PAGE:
Fat Joe is without a doubt a legend. A careful examination of his catalog — which includes 10 solo albums and four collaborative efforts — can almost be seen as a case study for maintaining career relevance.

What’s fascinating about his timeline is how he managed to thrive in not only the Golden Era as a member of the Diggin’ In The Crates crew — reigning as their most successful member — but also as a mainstream heavyweight, garnering massive crossover success.

Joe did all of this, of course, without sacrificing too much of his credibility. A rare feat to say the least.

However, the one factor that seems to have been missing from Fat Joe’s nearly perfected formula is time. Next August marks the rapper’s 50th birthday and many of his early fans are in their mid-to-late 30’s on the low end. After cracking the code in his solo career with 2001’s platinum-selling Jealous Ones Still Envy (J.O.S.E.), his discography has been defined by a series of hits that manage to carry his albums.

Though allowing a formulaic approach to crafting hits lends itself to forgettable playlists of work, nowhere has the limits of this concept been more on display than his latest release Family Ties — a collaborative LP with Dre of Cool & Dre (a production duo discovered by Joe and first featured on his 2001 commercial climax).

Though his ability to make catchy, viable songs is intact, more than ever before he feels too old for his music. Hearing the married father of three chant “ass up face down” on a song with two 27-year-olds (Cardi B and Anuel AA) is contextual cringeworthy — and we can only imagine how it makes his daughter feel.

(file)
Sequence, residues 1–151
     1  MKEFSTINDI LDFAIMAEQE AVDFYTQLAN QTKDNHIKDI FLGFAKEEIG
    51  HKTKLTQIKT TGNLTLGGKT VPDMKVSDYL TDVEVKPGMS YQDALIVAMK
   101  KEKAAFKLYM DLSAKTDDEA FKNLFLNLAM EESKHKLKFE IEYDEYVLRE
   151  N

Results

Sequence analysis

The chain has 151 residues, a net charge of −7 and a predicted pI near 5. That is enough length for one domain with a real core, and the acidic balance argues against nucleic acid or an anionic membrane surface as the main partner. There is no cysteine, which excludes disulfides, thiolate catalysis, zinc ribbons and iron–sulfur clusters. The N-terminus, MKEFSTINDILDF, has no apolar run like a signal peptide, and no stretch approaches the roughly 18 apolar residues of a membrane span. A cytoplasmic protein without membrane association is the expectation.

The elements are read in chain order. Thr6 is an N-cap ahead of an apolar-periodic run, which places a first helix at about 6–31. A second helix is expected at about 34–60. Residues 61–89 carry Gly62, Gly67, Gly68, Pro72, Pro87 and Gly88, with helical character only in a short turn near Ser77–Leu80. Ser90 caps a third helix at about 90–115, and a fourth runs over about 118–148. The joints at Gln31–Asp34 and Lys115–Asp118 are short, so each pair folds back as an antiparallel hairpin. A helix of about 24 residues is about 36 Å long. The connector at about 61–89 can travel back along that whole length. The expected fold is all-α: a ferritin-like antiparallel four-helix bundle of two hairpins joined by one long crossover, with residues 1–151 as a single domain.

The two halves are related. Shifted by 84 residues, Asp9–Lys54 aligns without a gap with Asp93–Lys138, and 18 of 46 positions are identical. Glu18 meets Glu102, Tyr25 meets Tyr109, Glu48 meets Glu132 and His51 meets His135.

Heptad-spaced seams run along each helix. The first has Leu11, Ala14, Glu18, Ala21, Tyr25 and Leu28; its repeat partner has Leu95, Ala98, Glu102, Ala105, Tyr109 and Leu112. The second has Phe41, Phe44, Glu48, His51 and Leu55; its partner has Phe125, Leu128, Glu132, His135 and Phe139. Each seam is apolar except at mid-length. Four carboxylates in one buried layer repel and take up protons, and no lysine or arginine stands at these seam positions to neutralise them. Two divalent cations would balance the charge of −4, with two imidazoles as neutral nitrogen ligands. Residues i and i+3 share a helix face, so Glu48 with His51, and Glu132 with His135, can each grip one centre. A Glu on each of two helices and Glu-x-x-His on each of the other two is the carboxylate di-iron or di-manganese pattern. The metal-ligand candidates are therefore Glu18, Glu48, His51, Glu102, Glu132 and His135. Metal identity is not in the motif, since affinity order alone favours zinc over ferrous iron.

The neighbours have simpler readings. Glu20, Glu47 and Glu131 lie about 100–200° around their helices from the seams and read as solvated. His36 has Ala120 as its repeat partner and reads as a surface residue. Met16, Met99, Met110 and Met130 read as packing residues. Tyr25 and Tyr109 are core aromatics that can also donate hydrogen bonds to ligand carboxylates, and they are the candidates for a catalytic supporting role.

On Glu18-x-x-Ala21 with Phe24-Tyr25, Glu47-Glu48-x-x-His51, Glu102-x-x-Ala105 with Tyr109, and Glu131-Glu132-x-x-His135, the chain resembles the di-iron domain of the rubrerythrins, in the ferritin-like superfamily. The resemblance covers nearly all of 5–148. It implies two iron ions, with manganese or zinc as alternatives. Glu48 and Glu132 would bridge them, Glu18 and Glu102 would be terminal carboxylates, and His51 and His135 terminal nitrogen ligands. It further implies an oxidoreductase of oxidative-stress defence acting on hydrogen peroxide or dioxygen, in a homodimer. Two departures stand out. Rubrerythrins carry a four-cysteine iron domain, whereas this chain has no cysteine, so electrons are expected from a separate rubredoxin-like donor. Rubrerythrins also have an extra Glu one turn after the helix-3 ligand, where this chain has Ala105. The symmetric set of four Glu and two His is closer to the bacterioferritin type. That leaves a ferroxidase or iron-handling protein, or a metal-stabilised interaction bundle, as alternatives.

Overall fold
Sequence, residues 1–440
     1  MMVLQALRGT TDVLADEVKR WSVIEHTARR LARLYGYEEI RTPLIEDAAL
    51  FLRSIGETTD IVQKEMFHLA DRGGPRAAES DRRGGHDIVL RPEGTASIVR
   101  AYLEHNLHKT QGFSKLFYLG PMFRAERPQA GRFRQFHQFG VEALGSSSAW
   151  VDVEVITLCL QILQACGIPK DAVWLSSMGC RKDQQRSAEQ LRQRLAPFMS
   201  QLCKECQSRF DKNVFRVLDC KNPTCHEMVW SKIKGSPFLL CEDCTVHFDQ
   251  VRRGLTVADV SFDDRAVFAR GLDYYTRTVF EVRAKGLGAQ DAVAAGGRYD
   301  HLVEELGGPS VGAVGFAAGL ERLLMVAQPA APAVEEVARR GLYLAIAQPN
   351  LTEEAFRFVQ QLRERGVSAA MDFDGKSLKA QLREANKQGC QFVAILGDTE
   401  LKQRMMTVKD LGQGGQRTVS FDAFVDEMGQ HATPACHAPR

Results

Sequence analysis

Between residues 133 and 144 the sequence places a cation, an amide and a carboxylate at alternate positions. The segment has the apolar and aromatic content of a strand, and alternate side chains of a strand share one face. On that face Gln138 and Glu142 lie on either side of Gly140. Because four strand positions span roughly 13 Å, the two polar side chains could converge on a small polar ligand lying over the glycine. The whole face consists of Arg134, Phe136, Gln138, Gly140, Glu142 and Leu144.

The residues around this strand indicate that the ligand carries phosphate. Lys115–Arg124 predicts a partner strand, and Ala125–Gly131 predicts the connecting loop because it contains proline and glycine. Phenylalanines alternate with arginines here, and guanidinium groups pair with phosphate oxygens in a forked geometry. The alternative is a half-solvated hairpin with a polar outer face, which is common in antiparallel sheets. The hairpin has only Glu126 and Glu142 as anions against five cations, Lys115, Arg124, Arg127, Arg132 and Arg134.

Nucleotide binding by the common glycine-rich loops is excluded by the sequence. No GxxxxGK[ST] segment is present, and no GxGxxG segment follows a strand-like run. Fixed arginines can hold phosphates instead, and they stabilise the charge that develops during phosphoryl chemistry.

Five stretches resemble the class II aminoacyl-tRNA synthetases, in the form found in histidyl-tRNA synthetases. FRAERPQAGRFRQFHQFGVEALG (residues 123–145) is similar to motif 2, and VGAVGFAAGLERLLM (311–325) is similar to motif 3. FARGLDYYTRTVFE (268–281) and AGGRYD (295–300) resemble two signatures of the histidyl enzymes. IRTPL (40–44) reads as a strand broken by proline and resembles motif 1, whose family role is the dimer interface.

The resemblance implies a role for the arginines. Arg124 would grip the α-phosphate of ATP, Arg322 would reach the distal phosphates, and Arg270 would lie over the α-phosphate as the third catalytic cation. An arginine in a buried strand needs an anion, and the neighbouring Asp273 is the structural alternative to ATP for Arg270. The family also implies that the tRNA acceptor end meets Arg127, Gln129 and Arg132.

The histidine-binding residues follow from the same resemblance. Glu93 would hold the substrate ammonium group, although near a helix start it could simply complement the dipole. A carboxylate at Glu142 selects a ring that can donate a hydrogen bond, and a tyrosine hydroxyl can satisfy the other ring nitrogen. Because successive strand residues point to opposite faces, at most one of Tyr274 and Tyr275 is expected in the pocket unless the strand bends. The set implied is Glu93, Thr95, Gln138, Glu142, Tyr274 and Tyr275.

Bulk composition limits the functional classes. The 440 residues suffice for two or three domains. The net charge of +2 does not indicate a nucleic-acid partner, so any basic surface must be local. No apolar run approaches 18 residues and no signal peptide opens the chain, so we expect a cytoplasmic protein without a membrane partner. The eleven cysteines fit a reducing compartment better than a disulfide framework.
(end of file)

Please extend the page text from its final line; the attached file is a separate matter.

Whether he’s feeling the same way or simply just looking at settling into a new role at this stage of his life, it appears Family Ties may stand as his final body of work.

“I think I’m retiring,” he noted during a CBS News Facebook Live with Vladimir Duthiers in early December. “It’s time to give it up.”

While he acknowledges he’ll likely still engage other facets of the game and continue to grow his filmography, it does feel like a missed opportunity that we’ll never get a 4:44-esque retrospective album from Joe.

Struggles with weight, the numerous challenges marriage can present, fatherhood and hindsight jewels from a career that spans over two decades could more than make for a fitting send-off — as opposed to a contrived bunch of songs that fight to fit in the moment rather than stand the test of time.

More than ever, it’s clear Fat Joe is a role that (aside from egregious opulence) likely doesn’t represent his real life.

Still, his waves go deep and continue to ripple — having discovered names like Big Pun and DJ Khaled and made Remy Ma a star. He also has his ear to the street, aligning himself with new upstarts like UFO Fev.

Additionally, he’s recently established himself as a treasure trove of amazing stories and a formidable media personality in his own right.

That being said, his current trajectory has musically rendered him walking a fine line between hitmaker and creepy old guy at the bar. Being a day one Fat Joe fan in 2019 has become akin to maintaining a relationship with that one guy from college that still insists on living on campus.

The frustration becomes that his music seems to be the one place he refuses to grow up. Fat Joe bowing out permanently from the culture would be unforgivable, but then, so would continuing to make soulless singles.

There is no shame in walking away from crafting new albums, especially when there are so many other ways to satisfy the itch and contribute to the culture.

Cheers to prosperous retirement, Crack.